Toronto film fest opens with Miyazaki’s likely swan song
The biggest film festival in North America opens Thursday in Toronto with the international launch of Oscar-winning Japanese animation master Hayao Miyazaki’s likely last movie, as the twin Hollywood strikes drag on.
Organizers of the event, a launchpad for numerous Academy Award-winning films, were finalizing a stacked lineup of premieres, red carpet galas and prestige TV launches featuring work from dozens of countries when Tinseltown’s actors staged a walkout.
But festival CEO Cameron Bailey says the global reach of the programming, and the ability of filmmakers and actors to promote independent fare even amid the strikes, speaks to the “strength of cinema right now.”
“It took some weeks to really figure out the specifics and the details of how you would navigate a strike-affected festival, but it turns out that we’re going to have lots of red carpet talent,” Bailey told AFP.
Among those expected in Canada’s largest city during the 10-day movie extravaganza are A-listers Patricia Arquette, Taika Waititi, Anna Kendrick and Ethan Hawke, who all moved behind the camera to direct their latest films.
French filmmaker Ladj Ly will debut “Les Indesirables,” a follow-up look at marginalized communities in the suburbs of Paris four years after his Oscar-nominated debut feature “Les Miserables.”
Also on tap is the international premiere of awards hopeful “The Holdovers” from director Alexander Payne (“Sideways”) about a teacher (Paul Giamatti) tasked with supervising students at a boarding school who cannot go home for Christmas break.
And pop star Lil Nas X will bring some flair to the red carpet for the opening of his documentary “Lil Nas X: Long Live Montero” — just one of several music films on tap including a world premiere of “In Restless Dreams: The Music of Paul Simon.”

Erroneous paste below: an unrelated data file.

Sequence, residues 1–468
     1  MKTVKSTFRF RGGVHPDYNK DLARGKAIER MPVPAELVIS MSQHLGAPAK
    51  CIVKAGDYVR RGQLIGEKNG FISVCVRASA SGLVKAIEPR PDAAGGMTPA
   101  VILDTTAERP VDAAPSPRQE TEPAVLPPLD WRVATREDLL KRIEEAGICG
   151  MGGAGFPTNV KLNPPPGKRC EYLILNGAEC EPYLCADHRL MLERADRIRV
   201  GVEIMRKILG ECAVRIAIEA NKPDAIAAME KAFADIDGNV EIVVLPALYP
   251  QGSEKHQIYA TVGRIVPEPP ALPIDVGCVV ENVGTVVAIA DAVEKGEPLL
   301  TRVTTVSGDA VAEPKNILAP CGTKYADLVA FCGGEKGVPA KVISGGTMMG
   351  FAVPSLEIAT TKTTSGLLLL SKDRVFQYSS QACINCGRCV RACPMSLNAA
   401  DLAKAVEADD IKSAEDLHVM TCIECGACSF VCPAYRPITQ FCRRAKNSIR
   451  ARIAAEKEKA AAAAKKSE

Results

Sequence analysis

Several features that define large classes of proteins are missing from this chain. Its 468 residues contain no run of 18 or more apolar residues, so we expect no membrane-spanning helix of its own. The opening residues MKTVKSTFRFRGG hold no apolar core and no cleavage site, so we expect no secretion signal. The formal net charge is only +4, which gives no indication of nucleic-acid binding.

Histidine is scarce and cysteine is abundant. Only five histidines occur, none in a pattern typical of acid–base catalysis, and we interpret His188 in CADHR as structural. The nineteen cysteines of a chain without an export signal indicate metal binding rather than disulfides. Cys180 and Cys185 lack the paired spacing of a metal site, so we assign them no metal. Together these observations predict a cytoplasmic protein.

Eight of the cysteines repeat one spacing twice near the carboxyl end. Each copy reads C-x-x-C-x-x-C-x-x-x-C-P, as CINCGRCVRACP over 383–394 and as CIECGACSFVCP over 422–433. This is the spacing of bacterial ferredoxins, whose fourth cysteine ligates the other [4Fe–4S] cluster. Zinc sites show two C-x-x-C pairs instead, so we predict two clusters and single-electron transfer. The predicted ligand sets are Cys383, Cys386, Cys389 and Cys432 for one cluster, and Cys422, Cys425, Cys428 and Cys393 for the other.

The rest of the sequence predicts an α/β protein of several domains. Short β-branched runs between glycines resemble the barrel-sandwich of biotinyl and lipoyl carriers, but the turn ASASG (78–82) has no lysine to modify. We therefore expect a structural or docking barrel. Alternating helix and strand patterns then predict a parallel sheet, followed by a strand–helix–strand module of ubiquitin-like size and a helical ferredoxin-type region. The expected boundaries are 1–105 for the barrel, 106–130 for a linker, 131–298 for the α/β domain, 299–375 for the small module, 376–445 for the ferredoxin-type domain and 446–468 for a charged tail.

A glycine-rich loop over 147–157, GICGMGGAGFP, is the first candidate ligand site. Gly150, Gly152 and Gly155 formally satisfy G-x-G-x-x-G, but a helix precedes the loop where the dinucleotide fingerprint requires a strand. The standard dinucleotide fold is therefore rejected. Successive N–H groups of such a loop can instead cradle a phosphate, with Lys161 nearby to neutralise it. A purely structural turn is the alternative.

But the first marquee screening on Thursday evening is “The Boy and the Heron,” Miyazaki’s first feature-length film in a decade — and likely his last for the storied Studio Ghibli, at age 82.
The semi-autobiographical film, which opened in Japan in July, follows young Mahito as he navigates the horrors of World War II and his mother’s death. After meeting a talking heron, he enters a colorful fantasy world in search of her.
“That’s one that we’re especially thrilled to have. This is one of the greatest artists in cinema with what may be his final film,” Bailey said.
The Toronto film fest is a key part of the fall festival lineup, along with Venice and Telluride, at which movies hoping to build early Oscars momentum typically hold premieres.
TIFF’s annual People’s Choice Award has become an increasingly accurate Oscars bellwether, predicting eventual best picture winners such as “Nomadland” and “Green Book.”
Premiering on Friday will be “Dumb Money,” starring Seth Rogen and Paul Dano, about the amateur investors who turned GameStop into a Wall Street phenomenon in 2021.
On Saturday, Robert De Niro stars in actor Tony Goldwyn’s “Ezra,” about a man (Bobby Cannavale) who moves back in with his father (De Niro) after blowing up his career and marriage.
Other world premieres include Waititi’s sports comedy “Next Goal Wins” and Michael Keaton’s “Knox Goes Away,” starring Al Pacino.
The festival comes as Hollywood actors and writers strike in a battle with studios and streamers over pay and other work conditions — meaning that union members generally cannot promote films produced by companies involved in the dispute.
Waivers have been offered in some cases, while in others, the films screening in Toronto are not subject to the strikes because they were independently or internationally produced.
TIFF only returned to full strength in 2022, after two years of online or hybrid events staged amid the coronavirus pandemic.
The festival runs until September 17.
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